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The eerie silence in Basilan

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It is quiet in the western front. Suddenly all the saber rattling and the grim prospects of bloody conflict between the government and the dubious alliance of forces of the Moro Islamic Liberation Front and the Abu Sayyaf terrorists in Basilan appeared to have dissipated and sidelined by other political issues among them the controversy over the hold departure order on ex-president Gloria Macapagal Arroyo.

The eerie silence in Basilan however is not assuring any comfort instead, it is even more disturbing. Both the government and the MILF have clamped up as we no longer hear any development on the much ballyhooed “all-out-justice” response supposed to be carried out by the government forces against the murderous band of MILF Commander Asnawi and his terrorist allies.

We all yearn for peace but this uncanny silence is not what the public expects. Justice, in the case of the treacherous ambush that killed 19 of our soldiers in Al Barka, meant that the government ought to pursue a surgical operation against the criminals.

The strange silence in Al-Barka simply begs the question: Has the Commander in Chief ordered our soldiers to back off? In the absence of any development in the government Solomonic  formula of all-out-justice the air is again rife with speculation that Malacanang had rein-in our soldiers to allow the peace talks in Kuala Lumpur to continue. While the renewed clash maybe effectively aborted this does not augur well for the image of the military on one hand and the resoluteness of the government to run after criminals on the other. In fact this would only elicit conjectures that the government is willing to buy peace not only in terms of cash but absolution of the perpetrators of the Al Barka massacre. We hope that this unsettling development will not invite more aggression in the future.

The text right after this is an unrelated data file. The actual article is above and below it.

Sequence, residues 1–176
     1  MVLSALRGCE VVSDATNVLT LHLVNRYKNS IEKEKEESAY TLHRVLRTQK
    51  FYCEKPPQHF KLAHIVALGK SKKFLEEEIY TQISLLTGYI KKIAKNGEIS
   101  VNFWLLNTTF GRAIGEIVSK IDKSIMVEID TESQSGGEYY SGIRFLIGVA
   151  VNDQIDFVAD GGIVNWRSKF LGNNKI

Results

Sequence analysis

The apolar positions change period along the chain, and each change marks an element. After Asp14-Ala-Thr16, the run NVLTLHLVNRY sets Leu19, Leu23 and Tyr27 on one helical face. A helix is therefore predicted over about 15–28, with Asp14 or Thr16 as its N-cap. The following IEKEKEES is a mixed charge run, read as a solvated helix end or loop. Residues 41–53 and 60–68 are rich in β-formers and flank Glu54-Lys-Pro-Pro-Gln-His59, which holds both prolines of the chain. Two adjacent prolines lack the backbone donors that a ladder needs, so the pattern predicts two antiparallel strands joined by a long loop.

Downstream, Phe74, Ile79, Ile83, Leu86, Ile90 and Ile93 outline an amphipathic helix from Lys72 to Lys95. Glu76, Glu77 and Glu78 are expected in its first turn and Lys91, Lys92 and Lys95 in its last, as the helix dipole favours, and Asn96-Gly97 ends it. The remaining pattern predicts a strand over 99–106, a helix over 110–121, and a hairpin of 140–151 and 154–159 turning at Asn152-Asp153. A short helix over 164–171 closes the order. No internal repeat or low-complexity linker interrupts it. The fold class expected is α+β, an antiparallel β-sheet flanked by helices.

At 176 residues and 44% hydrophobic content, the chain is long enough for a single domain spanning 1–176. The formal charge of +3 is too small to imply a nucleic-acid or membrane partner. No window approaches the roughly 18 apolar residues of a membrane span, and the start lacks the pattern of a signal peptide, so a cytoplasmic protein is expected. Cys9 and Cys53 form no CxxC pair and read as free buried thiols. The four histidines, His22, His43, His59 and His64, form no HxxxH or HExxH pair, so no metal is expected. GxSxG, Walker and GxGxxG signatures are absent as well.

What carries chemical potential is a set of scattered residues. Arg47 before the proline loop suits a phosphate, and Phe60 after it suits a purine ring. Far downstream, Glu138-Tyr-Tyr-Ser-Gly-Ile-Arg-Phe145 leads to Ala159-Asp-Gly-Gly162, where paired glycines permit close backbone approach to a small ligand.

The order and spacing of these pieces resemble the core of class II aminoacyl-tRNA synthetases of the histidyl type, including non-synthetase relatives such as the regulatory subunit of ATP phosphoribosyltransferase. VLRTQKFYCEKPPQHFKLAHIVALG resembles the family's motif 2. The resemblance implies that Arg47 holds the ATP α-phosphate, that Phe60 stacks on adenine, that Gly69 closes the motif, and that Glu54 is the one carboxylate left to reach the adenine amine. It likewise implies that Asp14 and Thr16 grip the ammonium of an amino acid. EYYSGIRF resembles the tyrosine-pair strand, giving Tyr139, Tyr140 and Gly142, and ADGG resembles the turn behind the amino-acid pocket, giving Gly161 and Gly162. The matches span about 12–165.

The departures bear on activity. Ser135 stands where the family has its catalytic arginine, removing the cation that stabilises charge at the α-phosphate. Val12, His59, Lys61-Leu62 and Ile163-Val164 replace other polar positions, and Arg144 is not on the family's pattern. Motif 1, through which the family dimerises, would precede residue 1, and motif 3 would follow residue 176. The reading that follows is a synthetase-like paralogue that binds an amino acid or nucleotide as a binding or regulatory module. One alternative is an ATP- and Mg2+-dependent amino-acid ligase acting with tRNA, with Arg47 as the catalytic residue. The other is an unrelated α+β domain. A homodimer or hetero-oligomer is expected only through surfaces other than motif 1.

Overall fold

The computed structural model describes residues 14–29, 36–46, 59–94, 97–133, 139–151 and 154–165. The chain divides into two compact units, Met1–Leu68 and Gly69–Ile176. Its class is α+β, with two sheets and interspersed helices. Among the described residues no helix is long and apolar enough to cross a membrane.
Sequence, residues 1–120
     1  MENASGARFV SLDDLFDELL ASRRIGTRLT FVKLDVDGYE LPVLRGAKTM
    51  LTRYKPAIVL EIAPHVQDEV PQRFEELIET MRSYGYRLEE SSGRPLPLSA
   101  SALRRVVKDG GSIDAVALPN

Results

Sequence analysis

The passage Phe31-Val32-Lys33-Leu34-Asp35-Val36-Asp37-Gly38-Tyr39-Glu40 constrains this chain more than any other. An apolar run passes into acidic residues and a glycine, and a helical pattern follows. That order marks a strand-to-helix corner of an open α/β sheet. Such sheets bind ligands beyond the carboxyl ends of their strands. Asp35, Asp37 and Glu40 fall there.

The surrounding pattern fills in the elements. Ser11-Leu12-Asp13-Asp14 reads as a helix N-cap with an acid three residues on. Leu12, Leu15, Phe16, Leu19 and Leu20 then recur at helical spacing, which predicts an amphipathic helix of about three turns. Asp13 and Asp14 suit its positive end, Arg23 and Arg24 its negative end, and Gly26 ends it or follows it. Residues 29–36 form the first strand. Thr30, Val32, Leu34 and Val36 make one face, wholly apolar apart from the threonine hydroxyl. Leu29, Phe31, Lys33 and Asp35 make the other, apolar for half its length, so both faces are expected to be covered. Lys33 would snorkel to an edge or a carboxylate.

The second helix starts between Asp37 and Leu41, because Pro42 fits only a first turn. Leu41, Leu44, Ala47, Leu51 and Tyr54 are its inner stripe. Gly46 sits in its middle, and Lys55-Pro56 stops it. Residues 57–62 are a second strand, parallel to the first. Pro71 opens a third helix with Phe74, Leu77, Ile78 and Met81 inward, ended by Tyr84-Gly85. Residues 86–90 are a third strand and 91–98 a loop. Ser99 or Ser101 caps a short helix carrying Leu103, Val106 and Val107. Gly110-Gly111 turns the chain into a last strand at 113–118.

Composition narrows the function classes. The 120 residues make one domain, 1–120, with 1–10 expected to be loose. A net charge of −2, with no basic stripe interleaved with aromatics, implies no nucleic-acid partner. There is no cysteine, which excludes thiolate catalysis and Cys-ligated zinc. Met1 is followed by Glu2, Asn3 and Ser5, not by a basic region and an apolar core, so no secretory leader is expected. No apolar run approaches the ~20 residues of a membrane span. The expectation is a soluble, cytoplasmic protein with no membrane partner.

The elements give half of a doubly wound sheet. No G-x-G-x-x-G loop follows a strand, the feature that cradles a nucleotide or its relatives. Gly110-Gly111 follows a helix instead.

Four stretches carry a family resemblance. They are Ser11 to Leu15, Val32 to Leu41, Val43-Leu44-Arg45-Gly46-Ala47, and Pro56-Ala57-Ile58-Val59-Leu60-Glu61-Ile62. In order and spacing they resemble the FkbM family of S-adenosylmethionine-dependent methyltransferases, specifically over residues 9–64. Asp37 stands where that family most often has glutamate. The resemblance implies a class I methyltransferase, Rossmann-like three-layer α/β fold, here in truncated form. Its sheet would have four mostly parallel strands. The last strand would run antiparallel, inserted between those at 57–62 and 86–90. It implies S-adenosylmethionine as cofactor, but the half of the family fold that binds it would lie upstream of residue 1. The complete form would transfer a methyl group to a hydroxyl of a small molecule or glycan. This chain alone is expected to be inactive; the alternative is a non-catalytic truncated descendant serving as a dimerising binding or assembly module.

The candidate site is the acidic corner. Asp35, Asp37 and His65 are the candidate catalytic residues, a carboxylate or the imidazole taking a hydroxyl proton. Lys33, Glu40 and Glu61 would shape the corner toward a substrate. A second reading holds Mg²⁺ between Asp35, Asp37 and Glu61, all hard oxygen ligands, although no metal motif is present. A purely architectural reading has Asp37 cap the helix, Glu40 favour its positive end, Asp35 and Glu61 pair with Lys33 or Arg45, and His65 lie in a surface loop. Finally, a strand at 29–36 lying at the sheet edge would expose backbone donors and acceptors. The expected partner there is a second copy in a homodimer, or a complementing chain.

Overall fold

Meantime, out in Kuala Lumpur, the peace negotiating panels are engaged in an “informal” talks. We are aware that they are there but we are not privy to what trade off are they crafting for the moment. If they are not tired of decades of talking people in other parts of Mindanao especially those in Sulu and Basilan are weary and have run out of patience.

By Menardo Wenceslao




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